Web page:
People Profiles: Beginnings
Loren “Bish” Taylor
Born in 1892 to one of Moab’s oldest families, young Loren “Bish” Taylor apprenticed at the Grand Valley Times where he learned the printing and newspaper business. After purchasing the Times and its competitor The Independent, the renamed Times-Independent became one of the most influential newspapers in southeastern Utah. Taylor served his community as town clerk and trustee of a new hospital while earning some of the highest honors of his profession. He was elected president of the Utah State Press Association and received the Associations’ Master Editor award in 1961. Taylor’s commitment to Moab lives on through his descendants, who own and lead the TI today.
Photo: Courtesy Tom Taylor
What would life be for an African-American cowboy at the turn of the 20th century in the American West? Charlie Glass’ story gives us a clue: you’d need grit, ingenuity, and the cow-punching skills and character to earn the loyalty of cattlemen from Moab to Thompson Springs to Cisco. Working faithfully for the Turner, Osborn and Cunningham ranches, Charlie was known for his fierce loyalty to ranch bosses. His reputation was burnished in 1921 when he fatally shot an aggressive Basque sheepman in self-defense. Upon his death, Charlie was buried in the Turner family’s plot, at a time when African-Americans were barred from being buried in the Fruita, Colorado cemetery.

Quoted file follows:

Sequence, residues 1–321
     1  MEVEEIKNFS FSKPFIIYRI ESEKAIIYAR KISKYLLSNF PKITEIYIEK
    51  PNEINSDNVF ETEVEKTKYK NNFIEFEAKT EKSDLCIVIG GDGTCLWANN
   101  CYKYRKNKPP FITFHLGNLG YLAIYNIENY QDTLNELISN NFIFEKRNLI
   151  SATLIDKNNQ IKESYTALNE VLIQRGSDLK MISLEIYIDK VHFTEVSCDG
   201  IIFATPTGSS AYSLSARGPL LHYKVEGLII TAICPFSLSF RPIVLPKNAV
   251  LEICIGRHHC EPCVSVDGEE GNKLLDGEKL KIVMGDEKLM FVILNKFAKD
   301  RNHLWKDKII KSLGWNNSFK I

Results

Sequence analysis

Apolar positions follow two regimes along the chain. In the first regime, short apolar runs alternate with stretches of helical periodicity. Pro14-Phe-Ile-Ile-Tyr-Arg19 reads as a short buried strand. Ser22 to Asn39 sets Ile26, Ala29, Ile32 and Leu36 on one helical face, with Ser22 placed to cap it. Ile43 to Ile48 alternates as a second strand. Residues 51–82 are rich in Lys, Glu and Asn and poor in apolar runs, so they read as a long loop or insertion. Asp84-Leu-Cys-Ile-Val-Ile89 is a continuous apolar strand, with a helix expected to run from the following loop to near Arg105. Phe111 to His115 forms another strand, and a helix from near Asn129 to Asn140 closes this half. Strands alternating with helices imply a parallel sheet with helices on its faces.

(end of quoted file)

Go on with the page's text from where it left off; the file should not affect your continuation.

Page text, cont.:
Hear an authentic cowboy sing a song written about legendary Charlie Glass.
"The Ballad of Charlie Glass" written and composed by William Leslie Clarke, courtesy of Three Rivers University Press, performed by Sand Sheff, recorded in 2019 at KZMU Studios Moab, Utah.
Lydia Taylor Skewes
“My people came to the little Grand Valley in wagons and forded the Colorado River, and I’ve flown in jet planes.” A daughter of one of the earliest families to settle in Moab, Lydia Skewes grew up watching Moab grow up: horse races on the sandy road in front of her house, Fourth of July dances in Castleton and, always singing. As did other women, Lydia attended to the welfare of family and friends, especially when the mills shut down during World War I by making robes, socks, scarves and bandages for the Red Cross. And always participating in activities that she thought would better her community.